I belong to the special sect of people who occasionally exclaim “Hmm, I need to read more classics” but never bother to read more than 2 or 3 classics per year. When you’re a stickler for finishing Goodreads reading challenges, a classic–which takes more reading time than, say, a YA book–will only slow you down. Or so I explain in a nasal voice every time someone replies to my exclamation with, “So, why don’t you?” *shrugs*
I may not read as many famous classics as I want to, but I’ve read a lot of Jane Austen’s works. I love Jane Austen, I love all her heroines, I love her books–did I tell you I love Jane Austen?
Putting all the rambling aside, I read Persuasion recently and I LOVED it. It’s definitely one of Austen’s best.
Twenty-seven-year old Anne Elliot is Austen’s most adult heroine. Eight years before the story proper begins, she is happily betrothed to a naval officer, Frederick Wentworth, but she precipitously breaks off the engagement when persuaded by her friend Lady Russell that such a match is unworthy. The breakup produces in Anne a deep and long-lasting regret. When later Wentworth returns from sea a rich and successful captain, he finds Anne’s family on the brink of financial ruin and his own sister a tenant in Kellynch Hall, the Elliot estate. All the tension of the novel revolves around one question: Will Anne and Wentworth be reunited in their love?
This book has the usual staples of an Austen work–English customs, irony, and a heroine you cannot help but love. Seriously, I loved Anne, the main character! She’s 27, which in 19th century England meant that you were not fit to be part of the social world anymore.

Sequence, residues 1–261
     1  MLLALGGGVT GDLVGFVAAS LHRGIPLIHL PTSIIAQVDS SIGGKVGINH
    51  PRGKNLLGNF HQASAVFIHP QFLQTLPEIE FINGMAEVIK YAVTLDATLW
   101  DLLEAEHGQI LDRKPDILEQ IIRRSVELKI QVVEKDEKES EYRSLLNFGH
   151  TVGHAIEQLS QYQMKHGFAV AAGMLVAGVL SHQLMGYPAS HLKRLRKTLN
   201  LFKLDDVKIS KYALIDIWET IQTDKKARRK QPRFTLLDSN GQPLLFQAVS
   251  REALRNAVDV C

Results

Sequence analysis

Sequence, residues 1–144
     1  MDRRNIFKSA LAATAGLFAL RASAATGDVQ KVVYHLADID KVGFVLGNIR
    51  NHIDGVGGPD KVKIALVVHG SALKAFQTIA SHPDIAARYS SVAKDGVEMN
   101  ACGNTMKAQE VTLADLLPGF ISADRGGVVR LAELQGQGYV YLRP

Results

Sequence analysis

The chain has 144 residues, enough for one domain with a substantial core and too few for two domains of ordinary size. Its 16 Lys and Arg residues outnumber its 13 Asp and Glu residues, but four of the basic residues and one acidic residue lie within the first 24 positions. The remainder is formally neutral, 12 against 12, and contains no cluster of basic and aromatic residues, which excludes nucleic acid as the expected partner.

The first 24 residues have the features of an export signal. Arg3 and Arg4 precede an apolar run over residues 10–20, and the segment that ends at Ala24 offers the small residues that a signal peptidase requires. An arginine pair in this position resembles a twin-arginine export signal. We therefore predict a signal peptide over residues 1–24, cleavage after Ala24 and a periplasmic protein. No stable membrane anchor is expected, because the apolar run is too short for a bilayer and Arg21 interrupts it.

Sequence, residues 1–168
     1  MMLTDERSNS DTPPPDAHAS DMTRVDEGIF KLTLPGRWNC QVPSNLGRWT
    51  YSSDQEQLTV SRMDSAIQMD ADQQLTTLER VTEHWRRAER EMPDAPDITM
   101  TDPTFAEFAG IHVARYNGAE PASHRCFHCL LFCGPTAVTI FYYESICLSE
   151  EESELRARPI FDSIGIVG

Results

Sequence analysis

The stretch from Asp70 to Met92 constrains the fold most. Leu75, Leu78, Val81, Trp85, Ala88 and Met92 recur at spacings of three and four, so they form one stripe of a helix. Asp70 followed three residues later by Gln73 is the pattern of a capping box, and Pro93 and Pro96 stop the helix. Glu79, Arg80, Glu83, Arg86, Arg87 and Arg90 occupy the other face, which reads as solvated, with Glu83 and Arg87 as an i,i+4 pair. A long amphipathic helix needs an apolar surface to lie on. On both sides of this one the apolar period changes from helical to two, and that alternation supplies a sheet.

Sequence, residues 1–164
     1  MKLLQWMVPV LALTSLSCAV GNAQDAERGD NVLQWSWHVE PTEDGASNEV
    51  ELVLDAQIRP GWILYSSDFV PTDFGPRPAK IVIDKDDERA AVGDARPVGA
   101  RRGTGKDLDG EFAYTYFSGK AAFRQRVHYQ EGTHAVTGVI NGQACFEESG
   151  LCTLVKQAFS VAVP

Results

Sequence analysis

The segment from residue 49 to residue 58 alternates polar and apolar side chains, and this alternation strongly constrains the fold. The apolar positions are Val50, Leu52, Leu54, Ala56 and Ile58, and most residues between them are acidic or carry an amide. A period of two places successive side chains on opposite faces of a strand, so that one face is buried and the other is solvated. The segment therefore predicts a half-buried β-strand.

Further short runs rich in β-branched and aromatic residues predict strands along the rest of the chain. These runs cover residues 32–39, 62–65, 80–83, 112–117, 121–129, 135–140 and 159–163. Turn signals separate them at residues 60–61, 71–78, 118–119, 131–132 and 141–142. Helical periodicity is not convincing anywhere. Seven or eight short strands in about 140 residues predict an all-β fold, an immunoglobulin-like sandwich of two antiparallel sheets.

8 years before the time in which the novel is set, Anne had rejected Captain Wentworth’s courtship after being persuaded by her friend that he had no means of supporting her. And now, guess who’s back, single, ready to mingle, and a Captain to boot?
Persuasion is about, well, persuasion. It’s about Lady Russell persuading Anne to give up on good ole Wentworth. It’s about Wentworth persuading himself that Anne didn’t love him enough. Do they find their way back to each other or each fall for someone else? That’s for you to find out!
What made me love this book even more was the gender roles and whiffs of post-colonial feminism. Mrs. Croft (Captain Wentworth’s sister-in-law) takes over the reins to their carriage from her husband. Lady Russell is shown to be fiercely independent and a well-read thinker. Anne is excellent in emergencies. Austen was really ahead of her time. If you haven’t read this book, please do!
Rating: 5 out of 5!
Have you read Persuasion before? What did you think of it? Also, my school never had the note-worthy classics as assigned reading. I wonder what English teachers would’ve said about this book. Did they ruin this book for you? Or did you actually start reading more after this book? Let me know in the comments!